Where water rises, and every rill 
Goes flowing backward up the hill,
As flying from the sea.
Magic's deep heart is beating warm, 
As in the days of yore;
The place has never lost the charm 
Of elvin and wizard lore,
With bell chime and hell rhyme, 
The witch dance moves along,
With mad cry and glad eye,
Chanting their midnight song.

"THE POET"

'Mong people passin' on life's road 
A poet aince I saw;
An' wonderin' asked a woman there 
If she kent him ava.
"O, that's a daft, half-witted fellow, 
Wha makes great screeds o' rhyme, 
Wha sits a' nicht wi' candle licht, 
An' lies tat dinner-time.

A trouble in the body's bad, 
But waur when in the brain;
O, he stravaigs the country wide 
In storms o' win' an' rain.

He's come o' decent folk, ye ken, 
Lang natives o' the place,
Tae a' his friends a rale heart break, 
A mither's sair disgrace.

An' then I asked about his warks, 
The meanin' o' his lays;
"There's ne'er a meanin' in his warks, 
But foolish rhyme", she says.
"A lot o' bosh about here-after, 
An' hoo the soul may fare,
An' sangs o' lassies' een sac blue, 
Wi' luve for evermair.

"He says we'll think o' him when deid, 
I'm share we wull, says I,
For ye'll come on the Parish rates, 
An' in the Puirhoose lie."

"THE GUIDMAN"

A woman's wark is never dune, 
Frae morning on till dark
Altho' there's mony a feckless yin 
That canna wash her sark.
It's little guid tae sit an' greet- 
It's better far tae try;
Tho' unco ill tae gar en's meet, 
Whan nithin's lyin' bye.

Whan I put on my first lang goon, 
Ma bert was fu' an' free,
As glaiket as the thistle down 
On autumn winds that flee,
As daft as yett on win'y day 
Frae early on till late;
For men I didna care a strae, 
Till Rab cam' in ma gate.

Noo, Rab sits in the inn ilk nicht, 
Wi' yill-stoup at his nose;
Tho' no for wark, his han's aye richt 
For draughts and dominoes.
An' while he laughs wi' drunken men, 
I dowie bide alane;
An', while he plays at catch-the-ten, 
I tend a fractious wean.

Whan drink comes in, the gumption gangs, 
Tho Rab's no' ill tae me;
It's unco hard tae eat the tangs 
Tae gi'e yer man the spree.
O' sleep I never ken a wink- 
Rab sits the hale nicht thro',
For he's a thowless coof in drink, 
An' essert as a soo.

I kin'le the fire at brek o' day, 
An' bundle up his piece;
But he wad just-as I may say- 
As shin set out for Greece.
I'll no compleen, but thole awa, 
As jist a woman can,
Tho' fashious, oolin' ills befa', 
For luve o' ma guidman.

Before the 1914-18 War David McKie worked for some years in the Estates Office of the Marquess of Ailsa. He had a great love of the country life of the old town and district and he wrote many poems on various subjects which were published from time to time in the "Evening News" and the "Edinburgh Dispatch" as well as the local weekly newspapers. He joined the Ayrshire Yeomanry at the outbreak of war and after being badly wounded and discharged as unfit for further service he returned to his home town of Tarbolton and published a book of verse entitled "Songs of an Ayrshire Yeoman". Most of the poems deal with his life in the army but many are about the old Kingdom of Carrick and people of Maybole.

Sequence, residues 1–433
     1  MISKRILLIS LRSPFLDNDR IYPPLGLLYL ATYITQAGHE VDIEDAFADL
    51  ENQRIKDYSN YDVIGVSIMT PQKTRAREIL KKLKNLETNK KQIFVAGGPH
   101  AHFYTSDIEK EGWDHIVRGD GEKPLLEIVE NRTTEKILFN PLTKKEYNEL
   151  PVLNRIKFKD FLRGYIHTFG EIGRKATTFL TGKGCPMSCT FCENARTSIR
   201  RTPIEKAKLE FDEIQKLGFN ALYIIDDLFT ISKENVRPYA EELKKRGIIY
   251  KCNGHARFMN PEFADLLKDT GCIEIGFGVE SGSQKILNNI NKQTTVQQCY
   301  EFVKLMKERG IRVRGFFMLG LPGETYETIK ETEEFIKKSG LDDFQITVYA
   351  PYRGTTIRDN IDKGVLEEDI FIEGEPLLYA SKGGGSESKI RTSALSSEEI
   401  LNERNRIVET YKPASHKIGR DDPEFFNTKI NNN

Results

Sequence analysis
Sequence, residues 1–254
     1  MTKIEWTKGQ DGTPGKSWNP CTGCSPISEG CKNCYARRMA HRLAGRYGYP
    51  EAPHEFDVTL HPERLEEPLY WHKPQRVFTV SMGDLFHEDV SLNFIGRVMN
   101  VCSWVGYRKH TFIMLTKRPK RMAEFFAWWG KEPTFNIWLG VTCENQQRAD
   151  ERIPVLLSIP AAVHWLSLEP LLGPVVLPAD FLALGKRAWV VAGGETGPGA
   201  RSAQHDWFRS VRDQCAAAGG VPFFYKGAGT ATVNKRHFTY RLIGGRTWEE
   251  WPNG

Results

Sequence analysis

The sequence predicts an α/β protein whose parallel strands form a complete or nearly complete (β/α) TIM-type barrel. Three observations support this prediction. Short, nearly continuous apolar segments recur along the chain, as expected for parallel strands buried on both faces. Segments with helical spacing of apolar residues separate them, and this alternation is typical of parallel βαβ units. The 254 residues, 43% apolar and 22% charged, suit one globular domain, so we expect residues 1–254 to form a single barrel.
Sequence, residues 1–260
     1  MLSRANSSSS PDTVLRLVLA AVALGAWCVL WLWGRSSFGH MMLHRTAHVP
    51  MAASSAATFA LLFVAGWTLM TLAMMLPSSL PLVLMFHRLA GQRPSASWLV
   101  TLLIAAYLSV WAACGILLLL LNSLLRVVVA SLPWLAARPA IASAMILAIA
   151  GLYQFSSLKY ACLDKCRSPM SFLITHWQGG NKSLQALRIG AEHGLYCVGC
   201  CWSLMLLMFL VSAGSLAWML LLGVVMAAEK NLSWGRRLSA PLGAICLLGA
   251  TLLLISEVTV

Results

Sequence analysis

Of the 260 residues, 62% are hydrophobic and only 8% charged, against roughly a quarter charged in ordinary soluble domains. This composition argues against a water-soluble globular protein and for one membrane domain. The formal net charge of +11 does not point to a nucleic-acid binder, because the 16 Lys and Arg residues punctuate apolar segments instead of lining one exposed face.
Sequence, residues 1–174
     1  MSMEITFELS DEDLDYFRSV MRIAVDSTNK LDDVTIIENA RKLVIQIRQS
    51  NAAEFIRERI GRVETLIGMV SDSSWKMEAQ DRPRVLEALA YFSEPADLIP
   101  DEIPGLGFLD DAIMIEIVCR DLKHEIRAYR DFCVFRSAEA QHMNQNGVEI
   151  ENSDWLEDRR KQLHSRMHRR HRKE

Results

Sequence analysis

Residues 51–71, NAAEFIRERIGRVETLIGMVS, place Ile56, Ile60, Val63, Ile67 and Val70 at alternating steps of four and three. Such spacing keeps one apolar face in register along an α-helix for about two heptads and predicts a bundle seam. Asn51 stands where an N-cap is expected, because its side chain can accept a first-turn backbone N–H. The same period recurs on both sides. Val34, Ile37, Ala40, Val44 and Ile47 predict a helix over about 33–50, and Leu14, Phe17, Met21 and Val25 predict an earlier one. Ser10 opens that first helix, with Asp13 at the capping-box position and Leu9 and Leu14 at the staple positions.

"THE EARL OF CARRICK'S OWN"

I've listed in the County Horse,
A trooper, don't you know;
With spurs of steel upon my heel,
Full swagger now I go.
I've sworn an oath to serve the King,
And to defend his Throne;
I'm proud to be a trooper in
"The Earl of Carrick's Own".

The call of bugles in my ear
Is sweeter than a song;
With rifle and with bandolier
I gaily ride along.
Our Colonel is a soldier true,
As Afric's plains have shown-
We're proud of such a leader, in
"The Earl of Carrick's Own".

The pretty girls all glance at me,
Or maybe 'tis my clothes;
No dull aesthetic soul is mine,
I quaff life as it flows,
Let hoary wisdom prate of fields
 Where youth's wild oats are sown- 
I scorn him like a trooper in
"The Earl of Carrick's Own".

Those sleek, thin-fingered laddie-daws 
Who strut like bantam cocks,
May smile disdainfully and say,
 "They're only soor-milk Jocks;"
But should Invasion's scourging breath 
Across our hills be blown,
They'll find we still have valour in 
"The Earl of Carrick's Own".

"CARRICK"

You have never been to Carrick,
 Never crossed the classic Doon,
Never heard the Girvan singing
 To her olden magic tune:
Never seen the hills of Straiton
 By the lips of morning kissed,
Never looked on hoary Arran?
 Then a glory you have missed.

"What", you ask, "is lovely Carrick?"
 But you ask in vain of me,
For my song could ne'er interpret
Half her charm and mystery;
But if you will deign to listen,
Then my muse will strive to tell
Just the shadow of her beauty,
And a whisper of her spell.

'Tis a land of wonder, Carrick,
Wheresoe'er you choose to roam,
O'er her mountains, through her woodlands,
 By her rivers and her foam;
Nature with a special favour
Bids the seasons lavish there
All their beautiful abundance,
Just to make old Carrick fair.

There are pleasant towns in Carrick,
Villages and hamlets too;
There are happy hearts in Carrick,
Rich in kindness, warm and true:
There's a cantie, couthie quaintness
In the spirit of her folk,
And there's still a laughing welcome
For the simple fashioned joke.

And the past is near, in Carrick,
For it seems but yesterday
Since the Kennedys went riding
Through the moonlight to the fray;
And Crossraguel priest was roasted,
And the Countess, like a bird,
Tempted from her keep of Cassillis
By a gipsy's luring word.

Vain my song to picture Carrick, 
You must cross the classic Doon,